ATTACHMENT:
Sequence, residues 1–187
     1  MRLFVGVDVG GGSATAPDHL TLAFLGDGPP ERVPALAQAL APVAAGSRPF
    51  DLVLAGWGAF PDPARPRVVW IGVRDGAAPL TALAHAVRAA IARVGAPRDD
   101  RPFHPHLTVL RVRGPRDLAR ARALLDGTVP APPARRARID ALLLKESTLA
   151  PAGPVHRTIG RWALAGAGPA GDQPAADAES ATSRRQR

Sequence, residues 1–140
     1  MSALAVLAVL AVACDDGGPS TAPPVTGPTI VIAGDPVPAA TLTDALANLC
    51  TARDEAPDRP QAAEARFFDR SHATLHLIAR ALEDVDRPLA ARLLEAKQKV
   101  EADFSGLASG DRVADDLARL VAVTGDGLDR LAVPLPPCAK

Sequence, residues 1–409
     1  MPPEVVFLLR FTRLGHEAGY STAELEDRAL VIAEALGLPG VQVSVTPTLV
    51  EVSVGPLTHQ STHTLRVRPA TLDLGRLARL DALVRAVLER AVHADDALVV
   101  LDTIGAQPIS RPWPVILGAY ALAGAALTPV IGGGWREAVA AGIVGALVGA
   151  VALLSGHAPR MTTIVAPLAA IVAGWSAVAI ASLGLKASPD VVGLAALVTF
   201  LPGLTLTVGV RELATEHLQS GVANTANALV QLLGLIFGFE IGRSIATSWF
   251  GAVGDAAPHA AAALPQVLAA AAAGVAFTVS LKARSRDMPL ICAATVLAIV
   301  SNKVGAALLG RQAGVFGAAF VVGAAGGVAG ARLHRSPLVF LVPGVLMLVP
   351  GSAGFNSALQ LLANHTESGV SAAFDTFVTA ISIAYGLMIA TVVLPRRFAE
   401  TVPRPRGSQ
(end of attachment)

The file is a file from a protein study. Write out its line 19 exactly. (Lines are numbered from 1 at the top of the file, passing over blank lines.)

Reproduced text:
   401  TVPRPRGSQ